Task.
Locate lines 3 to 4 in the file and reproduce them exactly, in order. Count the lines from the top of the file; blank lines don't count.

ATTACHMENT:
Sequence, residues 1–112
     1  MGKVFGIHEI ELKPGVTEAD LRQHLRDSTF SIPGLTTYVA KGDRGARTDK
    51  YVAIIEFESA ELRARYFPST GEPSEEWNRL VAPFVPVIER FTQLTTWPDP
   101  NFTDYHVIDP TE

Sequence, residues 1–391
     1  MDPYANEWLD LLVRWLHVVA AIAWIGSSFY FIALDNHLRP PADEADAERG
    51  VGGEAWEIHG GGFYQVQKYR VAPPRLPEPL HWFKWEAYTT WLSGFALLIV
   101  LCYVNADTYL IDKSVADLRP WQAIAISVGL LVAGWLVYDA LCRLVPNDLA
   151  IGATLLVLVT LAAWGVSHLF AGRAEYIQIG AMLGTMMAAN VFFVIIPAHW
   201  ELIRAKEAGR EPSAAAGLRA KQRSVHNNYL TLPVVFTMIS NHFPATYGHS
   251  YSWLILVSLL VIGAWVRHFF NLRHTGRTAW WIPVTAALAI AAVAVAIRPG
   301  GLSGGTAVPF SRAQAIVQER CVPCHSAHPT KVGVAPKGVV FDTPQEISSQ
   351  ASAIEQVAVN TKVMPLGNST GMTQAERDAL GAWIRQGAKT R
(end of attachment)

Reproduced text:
    51  YVAIIEFESA ELRARYFPST GEPSEEWNRL VAPFVPVIER FTQLTTWPDP
   101  NFTDYHVIDP TE